Sick, injured, overworked and malnourished horses are being forced to drag overcrowded carriages (called “Victorias”) through dense and dangerous traffic in Mumbai, India, claim animal-rights activists in public-interest litigation recently submitted to the high court in Bombay.
There have been numerous accidents recorded in this congested city in which both horses and humans have been seriously injured or even killed. Recently, a horse carriage skidded at Gateway of India in Mumbai and seriously injured two passengers. In September last year, another horse pulling a carriage collapsed in the street from exhaustion, according to reports.
After review of the evidence contained in the petition, a division bench of Chief Justice Mohit Shah and Justice Nitin Jamdar ordered that any unfit horses should be reported to the BMC’s executive health officer and should not be allowed to be returned to the carriage until their owners get a fitness certificate, according to IndiaTimes.com. (The BMC is the Brihan Mumbai Corporation--a major civic corporation in India, which manages the civic requirements of Mumbai.)
Adding strength to the ongoing PIL filed by the Animals and Birds Charitable Trust, an intervention application by People for the Ethical Treatment of Animals (PETA) India was accepted by the Bombay High Court, IndiaTimes.com reported on July 7, 2012. PETA states that in recent years it has gathered substantial evidence of cruelty to horses used to pull Victoria horse carriages in Mumbai, as well as the traffic risks they pose to citizens.
According to the court order, the original petitioners, Animals and Birds Charitable Trust and the Animal Welfare Board, will have to identify any unfit and sick horses and provide that information to the BMC's executive health officer. The officer will then summon the owner to produce the horse to be examined by a veterinarian from the committee appointed by the BMC. Unless the horse gets a fitness certificate, it will be prohibited from Mumbai streets.
The court also directed the officer to submit a report about the action it has initiated in such cases after three weeks. Meanwhile, the state submitted a list of schemes that could be made available to owners and drivers of horses to rehabilitate them, IndiaTimes.com states.
Animal-protection advocates have been calling for a total ban on horses being used in Mumbai to pull carriages and are encouraged by this decision as at least a first step in providing more humane treatment for the animals. The horses are forced to live in filthy, damp stables amidst their own faces and urine and are often left to stand without any shade, which is a clear violation of law, state the activists who posted the video, Mumbai Horse Carriages Should be Banned (below)
There are approximately 170 horses in Mumbai harnessed to carriages ("Victorias") and around 100 owners and 107 drivers, states the petition filed by Animals and Birds Charitable Trust. Overwork, malnutrition, and lack of proper care are common problems, according to the campaigners.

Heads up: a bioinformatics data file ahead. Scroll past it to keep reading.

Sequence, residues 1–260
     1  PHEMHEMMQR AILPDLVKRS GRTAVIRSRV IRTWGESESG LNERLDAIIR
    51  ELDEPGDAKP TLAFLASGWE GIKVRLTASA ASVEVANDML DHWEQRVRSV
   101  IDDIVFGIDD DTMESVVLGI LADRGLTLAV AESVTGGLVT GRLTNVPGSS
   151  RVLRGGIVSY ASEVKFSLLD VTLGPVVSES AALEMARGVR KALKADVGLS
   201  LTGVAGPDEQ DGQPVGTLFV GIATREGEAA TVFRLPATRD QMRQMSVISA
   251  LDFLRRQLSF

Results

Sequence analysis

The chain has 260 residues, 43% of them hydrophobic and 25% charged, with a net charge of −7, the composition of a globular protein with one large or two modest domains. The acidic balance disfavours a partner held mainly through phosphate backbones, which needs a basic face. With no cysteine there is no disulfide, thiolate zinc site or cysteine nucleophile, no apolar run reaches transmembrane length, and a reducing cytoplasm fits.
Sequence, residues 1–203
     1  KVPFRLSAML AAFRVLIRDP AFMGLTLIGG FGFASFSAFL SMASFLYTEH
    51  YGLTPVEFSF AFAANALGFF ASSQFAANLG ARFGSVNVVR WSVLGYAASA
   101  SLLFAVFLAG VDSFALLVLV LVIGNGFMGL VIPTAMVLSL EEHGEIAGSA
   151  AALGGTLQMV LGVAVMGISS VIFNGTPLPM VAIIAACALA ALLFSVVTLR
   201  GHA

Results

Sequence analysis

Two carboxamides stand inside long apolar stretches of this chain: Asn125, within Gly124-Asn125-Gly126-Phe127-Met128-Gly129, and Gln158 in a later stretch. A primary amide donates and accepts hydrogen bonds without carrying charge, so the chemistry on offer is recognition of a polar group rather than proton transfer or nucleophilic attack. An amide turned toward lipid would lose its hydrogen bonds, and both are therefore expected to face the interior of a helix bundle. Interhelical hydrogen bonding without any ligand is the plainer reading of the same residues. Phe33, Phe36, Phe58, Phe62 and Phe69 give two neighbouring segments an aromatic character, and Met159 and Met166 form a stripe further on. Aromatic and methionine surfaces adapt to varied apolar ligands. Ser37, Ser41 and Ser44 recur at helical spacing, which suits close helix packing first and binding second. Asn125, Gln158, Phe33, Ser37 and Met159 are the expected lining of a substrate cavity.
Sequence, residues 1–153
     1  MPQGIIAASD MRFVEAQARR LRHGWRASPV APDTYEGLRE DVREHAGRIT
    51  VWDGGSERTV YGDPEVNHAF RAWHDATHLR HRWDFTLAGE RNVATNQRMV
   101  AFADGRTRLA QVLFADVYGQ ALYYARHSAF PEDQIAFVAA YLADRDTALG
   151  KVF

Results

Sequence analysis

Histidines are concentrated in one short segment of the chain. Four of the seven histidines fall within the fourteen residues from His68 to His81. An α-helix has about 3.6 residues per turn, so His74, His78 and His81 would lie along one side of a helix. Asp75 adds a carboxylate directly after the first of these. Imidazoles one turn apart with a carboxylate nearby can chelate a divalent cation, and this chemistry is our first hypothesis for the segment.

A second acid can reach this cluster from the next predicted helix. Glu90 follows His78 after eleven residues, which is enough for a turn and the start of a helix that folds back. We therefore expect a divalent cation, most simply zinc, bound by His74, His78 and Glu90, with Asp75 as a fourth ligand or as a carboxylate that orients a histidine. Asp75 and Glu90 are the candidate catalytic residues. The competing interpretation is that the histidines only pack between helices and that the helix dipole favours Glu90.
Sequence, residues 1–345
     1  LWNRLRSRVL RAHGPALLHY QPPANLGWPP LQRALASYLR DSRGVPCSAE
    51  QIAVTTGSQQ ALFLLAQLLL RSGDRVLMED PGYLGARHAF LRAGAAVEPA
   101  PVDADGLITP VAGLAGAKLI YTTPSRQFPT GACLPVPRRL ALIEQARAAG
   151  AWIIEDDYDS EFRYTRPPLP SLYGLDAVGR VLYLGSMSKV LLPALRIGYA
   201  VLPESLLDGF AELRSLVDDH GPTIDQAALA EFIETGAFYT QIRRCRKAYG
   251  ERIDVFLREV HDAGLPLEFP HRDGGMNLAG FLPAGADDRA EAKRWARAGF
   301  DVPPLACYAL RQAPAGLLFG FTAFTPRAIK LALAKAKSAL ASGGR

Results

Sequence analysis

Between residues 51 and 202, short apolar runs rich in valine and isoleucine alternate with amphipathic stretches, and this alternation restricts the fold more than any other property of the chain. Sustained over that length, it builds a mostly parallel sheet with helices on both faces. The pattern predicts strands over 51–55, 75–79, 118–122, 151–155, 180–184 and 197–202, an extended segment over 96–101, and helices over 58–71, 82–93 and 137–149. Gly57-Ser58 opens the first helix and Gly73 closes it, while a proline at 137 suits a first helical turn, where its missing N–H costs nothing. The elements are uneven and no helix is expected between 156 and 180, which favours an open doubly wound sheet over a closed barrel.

A report submitted to the high court recently determined that, of the 371 horses examined by the BMC in the city and its suburbs, at least 196 needed treatment.
The petitioners also claim that many horses show signs of tenderness in their feet due to maggot-riddled hooves. The skin of the horses had burn marks from the limestone used to cover saddle wounds, while their mouths showed injuries from the metal spike placed there to rein them in.. The conditions in stables were pitiable, with horses tethered next to garbage dumps, according to the report.
On June 14, representatives from People for the Ethical Treatment of Animals (PETA) and Plant & Animals Welfare Society (PAWS) met with civic chief R.K. Somawane, and asked authorities to issue motorized rickshaw licenses to carriage owners willing to switch. Somawane reportedly assured them that no new licenses to drive horse carriages will be issued once the existing carriage drivers move to motor rickshaws.
New York activists have voiced similar ongoing concerns about the horse-carriage trade in New York City and are waging an aggressive effort to ban horse-drawn carriages there. Donny Moss, activist and filmmaker, was awarded a 2009 Genesis award by The Humane Society of the U.S. for BLINDERS, his documentary on the horse-carriage industry in New York and the inhumane conditions under which the horses work and live. (www.blindersthemovie.com) I asked for Donny's opinion on the situation in Mumbai.
He stated, "Horses shouldn't be pulling carriages in the streets in any urban area, much less Mumbai, which is one of the most congested cities in the world. When horses spook and flee amidst cars and pedestrians, people and horses are invariably injured or killed."
"Even if all of the horses were deemed healthy by veterinarians, the use of horses to pull carriages in any congested urban area is unsafe and inhumane.
"When animals are used solely to make money for their owners, abuse and neglect are rampant, as demonstrated by the fact that over half of the horses in Mumbai examined by the government needed treatment."
VIDEO FROM MUMBAI; Mumbai Horse Carriage should be banned